In that work we need to continue to be leaders in innovation, recognizing the innovations in other fields from which we can draw. As an important example, in the last few years, very hopeful innovations have been occurring around open-source technology, and we’ve seen the impressive rise of powerful commons-based resources like Wikipedia and the Linux operating system. They offer important lessons on how it’s possible to manage a commons collectively, to curate it, and to improve it over time. We need not necessarily be the victims of "the Tragedy of the Commons"—the destruction of our common resources by short-term processes and the exercise of irresponsible self-interest. There’s an important lesson here also for how political communities work, or don’t work.
In parallel efforts, the new urbanists have also been innovating with open-source tools, developing a number of resources to allow people to work together on their local zoning codes, traffic manuals, toolkits for small-scale developers, shareable "tactical urbanism" strategies, and the like. Nathan Norris is compiling many of these innovative tools for the CNU, and new work is continuing on other fronts. People like Bruce Donnelly have begun to draw lessons from innovations like "Platform Cooperativism," frameworks for innovation developed by people like Yochai Benkler of Harvard, Trebor Scholz of the New School, and others. Platform cooperativism is an agreement to maintain a commons (like Wikimedia Commons, a great example) that allows collaborators to work on a shared resource that will grow in value, and provide increasing benefits for its sharers over time.
In a larger sense, urbanism itself is the ultimate example of "platform cooperativism"— the civic structure we share and modify together, at many polycentric scales. And at the heart of urbanism is public space, the shared commons that is the essential framework of cities and towns. It is in public spaces that we meet, interact, form our plans, and develop opportunities with one another. As Jane Jacobs reminded us, public space is the beating heart of an urban economy, right down to the sidewalk interactions that are "the small change from which the wealth of public life may grow."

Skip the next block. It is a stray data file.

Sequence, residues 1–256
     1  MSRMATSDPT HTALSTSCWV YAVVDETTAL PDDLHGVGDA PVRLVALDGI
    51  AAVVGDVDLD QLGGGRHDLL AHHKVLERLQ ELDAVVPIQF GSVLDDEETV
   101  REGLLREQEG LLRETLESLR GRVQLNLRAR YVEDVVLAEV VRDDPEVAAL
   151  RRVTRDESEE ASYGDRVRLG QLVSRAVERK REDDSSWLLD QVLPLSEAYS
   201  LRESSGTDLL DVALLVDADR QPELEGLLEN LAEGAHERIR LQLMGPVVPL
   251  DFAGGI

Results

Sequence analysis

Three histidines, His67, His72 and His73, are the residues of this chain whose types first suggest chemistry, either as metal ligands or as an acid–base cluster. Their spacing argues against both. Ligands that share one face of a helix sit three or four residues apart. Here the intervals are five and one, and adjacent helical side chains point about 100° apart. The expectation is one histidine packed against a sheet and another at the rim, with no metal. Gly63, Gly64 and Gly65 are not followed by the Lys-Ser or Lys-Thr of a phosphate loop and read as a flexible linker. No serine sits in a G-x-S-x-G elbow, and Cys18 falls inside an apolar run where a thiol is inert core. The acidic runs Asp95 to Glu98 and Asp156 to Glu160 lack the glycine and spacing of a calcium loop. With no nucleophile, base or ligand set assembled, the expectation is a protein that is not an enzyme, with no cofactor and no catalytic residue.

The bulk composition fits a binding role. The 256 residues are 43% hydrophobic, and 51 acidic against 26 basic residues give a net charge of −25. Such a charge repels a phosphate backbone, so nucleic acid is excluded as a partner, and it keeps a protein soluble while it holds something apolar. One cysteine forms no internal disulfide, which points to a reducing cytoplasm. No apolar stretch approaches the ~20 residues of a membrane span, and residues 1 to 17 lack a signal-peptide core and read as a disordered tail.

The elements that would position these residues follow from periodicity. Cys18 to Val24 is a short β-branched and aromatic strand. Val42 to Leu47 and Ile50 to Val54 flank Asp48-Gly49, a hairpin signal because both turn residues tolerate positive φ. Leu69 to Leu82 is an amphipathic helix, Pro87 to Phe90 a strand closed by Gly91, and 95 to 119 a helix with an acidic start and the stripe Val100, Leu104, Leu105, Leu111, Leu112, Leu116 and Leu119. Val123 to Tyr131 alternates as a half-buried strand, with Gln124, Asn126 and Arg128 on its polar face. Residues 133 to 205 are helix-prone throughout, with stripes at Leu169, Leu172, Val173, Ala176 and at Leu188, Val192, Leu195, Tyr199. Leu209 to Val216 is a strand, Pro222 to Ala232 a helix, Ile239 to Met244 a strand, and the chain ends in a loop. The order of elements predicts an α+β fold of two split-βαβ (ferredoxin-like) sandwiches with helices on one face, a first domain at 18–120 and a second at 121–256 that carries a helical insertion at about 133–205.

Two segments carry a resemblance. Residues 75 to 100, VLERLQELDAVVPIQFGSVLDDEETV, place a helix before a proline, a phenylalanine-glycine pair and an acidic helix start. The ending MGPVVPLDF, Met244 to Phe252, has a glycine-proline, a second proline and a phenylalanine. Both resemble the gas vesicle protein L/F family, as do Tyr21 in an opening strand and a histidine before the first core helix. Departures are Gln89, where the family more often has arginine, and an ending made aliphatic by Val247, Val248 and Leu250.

Increasingly, it appears that the healthy growth of economies will depend on well-connected networks of public space, accessible to all. It is critical, in this age of rapid urbanization, that we continue to curate and nurture this vital urban commons, and continue to develop and disseminate the tools and strategies to do so.
This is why the work of the new urbanists is important, and ought to be recognized and engaged by other communities – whatever their disagreements, which should of course be discussed. By the same token, new urbanists ought to do more to engage these other communities, including the open source development community and others. The time to snipe from silos of whatever kind is over.
Just now, urbanists around the world, from varied backgrounds and ideologies, have come together to implement the just-approved "New Urban Agenda," an outcome of the UN’s Habitat III conference last October. There is much in the New Urban Agenda that American (and other) new urbanists can applaud, including an emphasis on mixed use, walkable street networks, diversity, transportation choices – and the central importance of public space systems. Joan Clos, the Secretary-General of Habitat III, said that without public space, we simply don’t have cities and towns. We have mere collections of buildings and vehicles.
Worse, we have an increasingly unsustainable global system, causing increasingly untenable global problems: declining middle class opportunities, increasing wealth inequality, resource depletion, ecological failures, ethnic conflicts, and more. It is not surprising that these problems manifest now in an increasing spiral of geopolitical unrest. And it is not a coincidence that the growth of these problems has come with the decline of urbanism – which is to say, the decline of public space, in the face of privatization, fragmentation, sprawl, and all the related things we seek to combat.
In this context, it is imperative that we accelerate our efforts to bridge divisions, and find the shared platforms to improve the lives and opportunities of people in cities, towns and neighborhoods all over the world. We can do so with a positive vision for the future, applying the hopeful findings of new research, and confirming the remarkable insights of Jacobs and others. Today we understand more than ever, that this public space in cities and towns–this urbanism–does indeed hold the remarkable and unifying promise of a better life for all.